• Are you a Tarantula hobbyist? If so, we invite you to join our community! Once you join you'll be able to post messages, upload pictures of your pets and enclosures and chat with other Tarantula enthusiasts. Sign up today!

55 gallons...

kormath

Well-Known Member
1,000+ Post Club
Easily. The giant's would all do well. T. stirmi, T. blondi, Nhandu's, Lasiodaras, A. genic, etc. etc.
 

auganator

Member
Well I guess they don't need to be aboreal, a terrestrial that would work with 15 x 15 would work, but seems like a waste of all that height.
 

auganator

Member
Really nice..I dont see where the ventilation is at though..
non yet, but the wooden top wont be there, im going to make a screen top. The screen top along with the live plants, and the fact its a pretty well ventilated room, should create enough air flow.
 

Thistles

Well-Known Member
3 Year Member
Fill it with dirt and let a Theraphosa burrow. I have a few reservations about that tank, but I'm on my phone now and don't want to fight autocorrect for long enough to post them.
 

Thistles

Well-Known Member
3 Year Member
Ok, sorry, back on a computer!

First, don't try to split it. One of the spiders will always find its way into the other side, and presto! One fat spider.

Second, ventilation is a bit of a concern. I have a rather large (20 gallon) 24" deep tank for my AF Pelinobius muticus, but I keep her on the dry side so I don't have to worry about too little ventilation causing mold. If you follow Scoolman's lead and set up a viv with cleaner crew and good air circulation (not the same as ventilation) you could keep a big ole Theraphosa in there, and she'd love to burrow in such a deep tank.

Some people have kept Poecilotheria communally, but in addition to the risk of cannibalism I have some concern about the size of the tank and the other members of your household. When dealing with speedy spiders, I like to move the tank to a small room which I can seal off. You can't exactly be picking that beast up and moving it into the bathroom every time you need to do maintenance, and more pokies just multiplies the chance for escapees and mishaps, particularly for a first time keeper. You've gotta be on your toes for a single poec. I can't imagine having to watch 5 of them while having to maintain a tank with the whole lid removed, especially since they're arboreal and their instinct will be to run up!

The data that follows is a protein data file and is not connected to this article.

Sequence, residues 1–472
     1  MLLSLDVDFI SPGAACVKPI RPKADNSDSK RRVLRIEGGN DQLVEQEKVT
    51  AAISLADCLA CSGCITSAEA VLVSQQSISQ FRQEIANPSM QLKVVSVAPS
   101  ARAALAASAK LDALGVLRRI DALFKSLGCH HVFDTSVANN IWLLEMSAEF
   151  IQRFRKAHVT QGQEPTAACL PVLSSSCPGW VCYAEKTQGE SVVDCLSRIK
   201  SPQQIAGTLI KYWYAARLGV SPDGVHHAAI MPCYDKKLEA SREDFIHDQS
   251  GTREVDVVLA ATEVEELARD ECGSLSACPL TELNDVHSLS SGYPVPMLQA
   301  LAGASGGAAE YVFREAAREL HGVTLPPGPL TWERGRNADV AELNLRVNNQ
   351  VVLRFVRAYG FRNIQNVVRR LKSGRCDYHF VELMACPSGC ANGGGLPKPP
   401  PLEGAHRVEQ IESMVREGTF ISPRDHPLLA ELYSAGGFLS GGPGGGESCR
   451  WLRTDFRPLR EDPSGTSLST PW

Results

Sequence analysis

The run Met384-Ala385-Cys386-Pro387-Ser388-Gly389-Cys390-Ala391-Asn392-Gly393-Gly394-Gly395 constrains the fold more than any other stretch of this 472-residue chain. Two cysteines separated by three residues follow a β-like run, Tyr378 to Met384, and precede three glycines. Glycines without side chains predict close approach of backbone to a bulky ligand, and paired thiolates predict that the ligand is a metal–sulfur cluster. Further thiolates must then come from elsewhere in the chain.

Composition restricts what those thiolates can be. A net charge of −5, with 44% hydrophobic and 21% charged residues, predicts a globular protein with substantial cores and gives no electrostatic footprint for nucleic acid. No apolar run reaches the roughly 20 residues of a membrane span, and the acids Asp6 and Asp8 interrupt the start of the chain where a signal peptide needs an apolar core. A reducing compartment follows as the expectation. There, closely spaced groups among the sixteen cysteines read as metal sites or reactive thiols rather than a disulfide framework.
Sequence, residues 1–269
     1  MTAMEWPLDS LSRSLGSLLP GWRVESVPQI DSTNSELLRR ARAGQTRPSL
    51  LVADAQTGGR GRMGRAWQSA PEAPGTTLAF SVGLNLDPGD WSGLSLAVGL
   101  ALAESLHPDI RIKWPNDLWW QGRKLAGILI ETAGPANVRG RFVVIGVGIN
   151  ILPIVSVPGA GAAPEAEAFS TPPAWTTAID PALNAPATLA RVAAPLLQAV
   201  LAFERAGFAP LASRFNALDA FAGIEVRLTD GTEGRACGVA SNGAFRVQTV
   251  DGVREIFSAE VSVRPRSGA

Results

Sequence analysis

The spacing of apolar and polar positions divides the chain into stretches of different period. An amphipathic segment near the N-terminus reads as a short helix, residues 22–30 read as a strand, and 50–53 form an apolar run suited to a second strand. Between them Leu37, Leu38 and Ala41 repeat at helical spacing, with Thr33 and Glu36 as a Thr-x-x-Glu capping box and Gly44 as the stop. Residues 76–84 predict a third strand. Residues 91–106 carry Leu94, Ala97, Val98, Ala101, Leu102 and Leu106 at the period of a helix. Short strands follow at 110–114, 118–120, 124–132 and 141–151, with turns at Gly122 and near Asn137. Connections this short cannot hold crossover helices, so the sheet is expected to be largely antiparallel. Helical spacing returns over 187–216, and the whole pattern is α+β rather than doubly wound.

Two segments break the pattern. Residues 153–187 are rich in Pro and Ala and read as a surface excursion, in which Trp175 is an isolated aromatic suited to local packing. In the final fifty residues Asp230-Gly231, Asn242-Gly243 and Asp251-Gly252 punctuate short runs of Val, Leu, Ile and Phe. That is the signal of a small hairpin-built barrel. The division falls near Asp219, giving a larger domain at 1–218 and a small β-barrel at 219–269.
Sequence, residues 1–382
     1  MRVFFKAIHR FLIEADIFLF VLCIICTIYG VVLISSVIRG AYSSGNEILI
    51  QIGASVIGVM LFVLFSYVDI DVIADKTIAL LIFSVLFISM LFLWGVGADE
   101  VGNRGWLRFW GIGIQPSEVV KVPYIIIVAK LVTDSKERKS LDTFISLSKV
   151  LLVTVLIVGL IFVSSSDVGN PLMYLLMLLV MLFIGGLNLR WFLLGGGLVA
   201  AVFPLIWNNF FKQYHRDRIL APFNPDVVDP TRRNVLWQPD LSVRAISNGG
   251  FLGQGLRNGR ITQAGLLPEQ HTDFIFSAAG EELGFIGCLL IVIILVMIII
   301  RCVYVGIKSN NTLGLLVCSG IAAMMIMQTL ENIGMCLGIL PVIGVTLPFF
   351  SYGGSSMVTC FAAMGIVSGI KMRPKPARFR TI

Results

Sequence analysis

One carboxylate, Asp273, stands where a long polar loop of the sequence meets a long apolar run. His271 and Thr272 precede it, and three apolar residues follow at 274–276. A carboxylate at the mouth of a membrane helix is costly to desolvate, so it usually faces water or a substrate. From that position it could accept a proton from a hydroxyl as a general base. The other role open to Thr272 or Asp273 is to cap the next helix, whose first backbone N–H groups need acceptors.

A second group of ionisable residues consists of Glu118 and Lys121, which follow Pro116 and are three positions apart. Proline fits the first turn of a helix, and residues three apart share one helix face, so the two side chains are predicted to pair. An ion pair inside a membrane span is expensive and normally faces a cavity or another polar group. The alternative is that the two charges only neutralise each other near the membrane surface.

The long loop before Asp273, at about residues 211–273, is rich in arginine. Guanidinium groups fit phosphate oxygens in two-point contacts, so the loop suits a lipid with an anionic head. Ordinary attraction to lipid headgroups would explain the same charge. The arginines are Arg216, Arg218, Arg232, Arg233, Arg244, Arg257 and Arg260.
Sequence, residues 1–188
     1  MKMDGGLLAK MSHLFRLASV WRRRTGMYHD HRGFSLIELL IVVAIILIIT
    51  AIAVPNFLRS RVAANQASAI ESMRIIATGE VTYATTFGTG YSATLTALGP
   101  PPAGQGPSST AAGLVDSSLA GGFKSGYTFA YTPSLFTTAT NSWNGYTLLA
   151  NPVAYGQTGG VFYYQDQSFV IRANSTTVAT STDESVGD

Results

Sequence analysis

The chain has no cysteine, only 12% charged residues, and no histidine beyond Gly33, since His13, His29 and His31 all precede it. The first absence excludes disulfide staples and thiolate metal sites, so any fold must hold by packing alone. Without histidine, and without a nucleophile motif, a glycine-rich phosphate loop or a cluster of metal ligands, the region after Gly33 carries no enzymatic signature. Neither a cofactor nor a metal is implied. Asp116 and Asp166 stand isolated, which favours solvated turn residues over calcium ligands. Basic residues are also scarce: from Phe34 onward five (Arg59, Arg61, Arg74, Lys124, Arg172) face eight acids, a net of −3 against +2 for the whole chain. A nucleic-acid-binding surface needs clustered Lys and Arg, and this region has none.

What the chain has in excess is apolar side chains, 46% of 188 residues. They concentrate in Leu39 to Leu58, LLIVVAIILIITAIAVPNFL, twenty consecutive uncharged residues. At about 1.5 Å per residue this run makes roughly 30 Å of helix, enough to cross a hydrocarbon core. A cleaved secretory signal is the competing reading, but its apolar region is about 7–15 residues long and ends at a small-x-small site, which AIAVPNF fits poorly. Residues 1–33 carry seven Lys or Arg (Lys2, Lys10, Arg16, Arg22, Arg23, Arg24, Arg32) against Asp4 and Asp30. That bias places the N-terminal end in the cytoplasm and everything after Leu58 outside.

Here's another thought: don't do a spider. I've kept a communal of Pandinus imperator (I like to call them "pimperators" because it sounds more gangsta... oh god, I'm fooling no one) in a 44 gallon pentagon. They LOVED to dig in it, and I had a few batches of scorplings in there. You could do another type of tolerant scorpion, or do some Amblypygids! They're wicked cool, and would use the vertical space.
 

auganator

Member
what do you all think about a giant salmon? from what I read they still get big enough to justify the cage, are hardy, and they are a bit for mellow then the theraphosa's.
 

Scoolman

Well-Known Member
1,000+ Post Club
3 Year Member
what do you all think about a giant salmon? from what I read they still get big enough to justify the cage, are hardy, and they are a bit for mellow then the theraphosa's.
L parahybana would be great, but the height is excessive for this species. You would need to fill half of the height with substrate.
 

auganator

Member
L parahybana would be great, but the height is excessive for this species. You would need to fill half of the height with substrate.
would that be such a bad thing now? I know they arent big burrowers, but im sure he would still appreciate some soil. the height would also help prevent any possible escapes.
 

kormath

Well-Known Member
1,000+ Post Club
would that be such a bad thing now? I know they arent big burrowers, but im sure he would still appreciate some soil. the height would also help prevent any possible escapes.
The farther they have to fall if they get in a mood to climb, the more likely they won't survive the fall. Rule of thumb on terrestrial T is not let them have climbing room higher than their DLS.
 

auganator

Member
The farther they have to fall if they get in a mood to climb, the more likely they won't survive the fall. Rule of thumb on terrestrial T is not let them have climbing room higher than their DLS.
would a lair of Vaseline halfway up the tank dissuade him from climbing? assuming I end up with the salmon, how does this setup sound. 1 inch of vermiculite topped with 5 inches of eco-earth, a log hide, a shallow water dish, either a vine or fern (or both), and a few branches with epiphytes on them.
oh yeah, and springtails.
 
Last edited:

Latest posts

Top